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John Wood discovered his passion, his greatest success, and his life's work—not at business school or leading Microsoft's charge into Asia in the 1990s—but on a soul-searching trip to the Himalayas. Wood felt trapped between an all-consuming career and a desire to do something lasting and significant. Stressed from the demands of his job, he took a vacation trekking in Nepal because a friend had told him, "If you get high enough in the mountains, you can't hear Steve Ballmer yelling at you anymore."
Instead of being the antidote to the rat race, that trip convinced John Wood to divert the boundless energy he was devoting to Microsoft into a cause that desperately needed to be addressed. While visiting a remote Nepalese school, Wood learned that the students had few books in their library. When he offered to run a book drive to provide the school with books, his idea was met with polite skepticism. After all, no matter how well-intentioned, why would a successful software executive take valuable time out of his life and gather books for an impoverished school?
But John Wood did return to that school and with thousands of books bundled on the back of a yak. And at that moment, Wood made the decision to walk away from Microsoft and create Room to Read—an organization that has donated more than 1.2 million books, established more than 2,600 libraries and 200 schools, and sent 1,700 girls to school on scholarship—ultimately touching the lives of 875,000 children with the lifelong gift of education.
Leaving Microsoft to Change the World chronicles John Wood's struggle to find a meaningful outlet for his managerial talents and entrepreneurial zeal. For every high-achiever who has ever wondered what life might be like giving back, Wood offers a vivid, emotional, and absorbing tale of how to take the lessons learned at a hard-charging company like Microsoft and apply them to one of the world's most pressing problems: the lack of basic literacy.
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About the Author
After earning an MBA at the prestigious Kellogg School of Management, John Wood worked for several years in banking before joining Microsoft in 1991. Through hard work and determination, he ascended rapidly, earning coveted overseas assignments in Australia and China. While serving as Microsoft's Director of Business Development for the Greater China region, Wood decided to change his life's focus to help children break the cycle of poverty through the lifelong gift of education. In 2000, he founded Room to Read, a nonprofit organization that promotes literacy in Nepal, India, Sri Lanka, Cambodia, Laos, Vietnam, and soon in Africa. When not traveling the world fund-raising and visiting Room to Read communities, he lives in San Francisco.
Read an Excerpt
Leaving Microsoft to Change the World
"Perhaps, sir, you will someday come back with books"
An icy wind blew off the mountain as I Zipped my fleece jacket against the encroaching night. Looking up from my journal, I watched the sun sink behind the soaring snowcapped Himalayas. Clouds appeared massed behind the ridgeline, ready to march into the valley like night sentries. A young Nepali boy interrupted to offer a drink. This eight-year-old appeared to be running the small trekker's lodge on his own; I had seen no one else during my two hours at the table.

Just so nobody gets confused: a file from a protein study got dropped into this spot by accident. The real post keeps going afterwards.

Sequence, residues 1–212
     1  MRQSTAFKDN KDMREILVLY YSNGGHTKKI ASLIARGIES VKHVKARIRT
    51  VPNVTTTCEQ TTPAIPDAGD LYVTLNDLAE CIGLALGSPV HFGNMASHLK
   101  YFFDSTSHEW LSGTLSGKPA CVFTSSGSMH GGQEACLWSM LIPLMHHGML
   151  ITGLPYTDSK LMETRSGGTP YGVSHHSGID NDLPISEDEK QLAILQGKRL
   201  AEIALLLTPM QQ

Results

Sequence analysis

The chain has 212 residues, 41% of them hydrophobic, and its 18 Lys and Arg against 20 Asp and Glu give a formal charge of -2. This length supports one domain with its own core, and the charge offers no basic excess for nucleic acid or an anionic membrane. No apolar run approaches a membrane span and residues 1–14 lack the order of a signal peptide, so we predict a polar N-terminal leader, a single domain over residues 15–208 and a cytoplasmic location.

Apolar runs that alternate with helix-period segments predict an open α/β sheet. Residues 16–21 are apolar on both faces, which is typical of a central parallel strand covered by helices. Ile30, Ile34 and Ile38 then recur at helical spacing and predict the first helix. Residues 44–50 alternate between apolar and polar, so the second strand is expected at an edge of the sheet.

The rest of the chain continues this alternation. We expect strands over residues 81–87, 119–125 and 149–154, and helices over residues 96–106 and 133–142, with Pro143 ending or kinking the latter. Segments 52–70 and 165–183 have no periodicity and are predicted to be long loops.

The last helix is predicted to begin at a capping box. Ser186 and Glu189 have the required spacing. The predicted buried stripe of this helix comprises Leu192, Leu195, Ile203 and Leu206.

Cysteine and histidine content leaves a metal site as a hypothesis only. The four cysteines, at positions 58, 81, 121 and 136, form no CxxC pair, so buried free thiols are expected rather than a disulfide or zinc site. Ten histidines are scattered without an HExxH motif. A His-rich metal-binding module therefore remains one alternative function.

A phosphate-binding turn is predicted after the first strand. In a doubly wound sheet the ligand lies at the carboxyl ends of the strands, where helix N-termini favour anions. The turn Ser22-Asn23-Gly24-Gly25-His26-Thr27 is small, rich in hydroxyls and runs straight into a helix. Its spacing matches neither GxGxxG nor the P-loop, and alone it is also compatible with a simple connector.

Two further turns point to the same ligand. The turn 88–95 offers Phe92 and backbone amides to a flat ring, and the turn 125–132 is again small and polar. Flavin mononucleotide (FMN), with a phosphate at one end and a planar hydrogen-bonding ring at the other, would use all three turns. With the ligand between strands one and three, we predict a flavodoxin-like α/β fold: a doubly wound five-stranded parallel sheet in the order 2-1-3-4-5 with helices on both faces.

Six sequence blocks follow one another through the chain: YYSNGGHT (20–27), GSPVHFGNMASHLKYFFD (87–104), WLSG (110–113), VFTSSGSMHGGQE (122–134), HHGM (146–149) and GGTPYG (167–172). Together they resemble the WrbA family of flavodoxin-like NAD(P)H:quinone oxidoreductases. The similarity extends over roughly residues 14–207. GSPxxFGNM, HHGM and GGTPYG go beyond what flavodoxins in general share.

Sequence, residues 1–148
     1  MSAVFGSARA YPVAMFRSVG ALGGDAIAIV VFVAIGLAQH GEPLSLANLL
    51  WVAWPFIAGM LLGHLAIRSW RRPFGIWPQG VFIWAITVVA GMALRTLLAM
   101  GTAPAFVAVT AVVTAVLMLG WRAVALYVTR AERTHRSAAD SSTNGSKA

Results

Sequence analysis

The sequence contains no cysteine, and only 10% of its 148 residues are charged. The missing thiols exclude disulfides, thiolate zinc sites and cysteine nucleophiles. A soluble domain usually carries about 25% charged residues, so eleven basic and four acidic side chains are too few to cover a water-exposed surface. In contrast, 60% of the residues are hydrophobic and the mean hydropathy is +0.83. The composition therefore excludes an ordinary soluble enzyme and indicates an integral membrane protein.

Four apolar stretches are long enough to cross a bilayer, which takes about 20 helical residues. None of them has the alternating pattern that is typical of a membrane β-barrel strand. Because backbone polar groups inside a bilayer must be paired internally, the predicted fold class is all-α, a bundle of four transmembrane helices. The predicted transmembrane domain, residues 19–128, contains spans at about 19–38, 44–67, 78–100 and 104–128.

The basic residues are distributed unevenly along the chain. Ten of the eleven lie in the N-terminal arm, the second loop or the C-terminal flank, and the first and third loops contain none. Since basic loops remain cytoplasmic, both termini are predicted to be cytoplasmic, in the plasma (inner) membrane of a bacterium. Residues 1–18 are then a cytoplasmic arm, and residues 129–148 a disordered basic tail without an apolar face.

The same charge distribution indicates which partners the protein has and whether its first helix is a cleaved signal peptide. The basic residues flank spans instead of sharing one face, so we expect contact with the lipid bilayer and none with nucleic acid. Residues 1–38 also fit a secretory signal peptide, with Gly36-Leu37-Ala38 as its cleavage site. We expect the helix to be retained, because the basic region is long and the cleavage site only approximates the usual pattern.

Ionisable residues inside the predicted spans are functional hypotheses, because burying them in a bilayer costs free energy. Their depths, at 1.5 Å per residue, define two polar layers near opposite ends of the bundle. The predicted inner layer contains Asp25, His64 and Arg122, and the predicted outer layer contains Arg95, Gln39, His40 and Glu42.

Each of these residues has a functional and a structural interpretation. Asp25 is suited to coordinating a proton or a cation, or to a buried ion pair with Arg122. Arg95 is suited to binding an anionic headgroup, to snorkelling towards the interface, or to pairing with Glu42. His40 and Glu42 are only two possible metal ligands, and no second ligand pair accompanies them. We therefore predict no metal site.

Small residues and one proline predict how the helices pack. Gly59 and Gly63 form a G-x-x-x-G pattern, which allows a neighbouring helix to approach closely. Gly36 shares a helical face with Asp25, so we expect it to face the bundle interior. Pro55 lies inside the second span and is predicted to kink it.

I asked if they had beer.
"Yes!" was his enthusiastic reply.
As I wondered about child labor laws, and whether this might be the youngest bartender I'd ever been served by, he ran off.
On a normal day I would be ordering another coffee at sundown, preparing for the three or four hours left in my workday as a marketing director at Microsoft. Today was blissfully different—the first of 21 days of trekking in the Himalayas. I wanted the beer to toast the start of my longest holiday in nine years, and a break from the treadmill of life in the software industry during the breakneck 1990s. Ahead lay three weeks without e-mail, phone calls, meetings, or a commute. Three weeks where the biggest challenge was walking 200 miles over "donkey trails" with all my gear on my back. On day ten, the trek would reach a Himalayan pass at 18,000 feet. This would be the highest I had ever climbed to in life. The challenging mountain pass and the long break would be a fitting reward for years of nonstop work.
My bartenderreturned with a dusty bottle of Tuborg, which he wiped on his black shirt. "No chiso, tato," he said, apologizing for the beer being at room temperature. Then his face lit up. "Tin minut," he said as his spindly legs carried his body recklessly down to the river. As I waited the requested three minutes, he plunged the bottle into the icy glacier melt, smiled, and waved.
A middle-aged Nepali man at the next table laughed aloud at the boy's clever, low-tech solution. "Who needs a refrigerator?" I asked as a way to start conversation. "Are all the children in Nepal this clever?" He replied that the people here needed to learn to make do, because they had so little. For example, dinner was cooked over a wood fire because people lacked luxuries like stoves and ovens.
The boy returned with a very cold beer—and a look of triumph.
Pasupathi appeared to be in his mid-50s, with thick glasses, weather-beaten dark pants, a Windbreaker, and a traditional Nepalese topi cloth cap. The sun and wind had carved fine lines of wisdom into his face over the years. The Nepalis, I quickly learned, are a friendly and welcoming people, and I struck up conversations with almost everyone.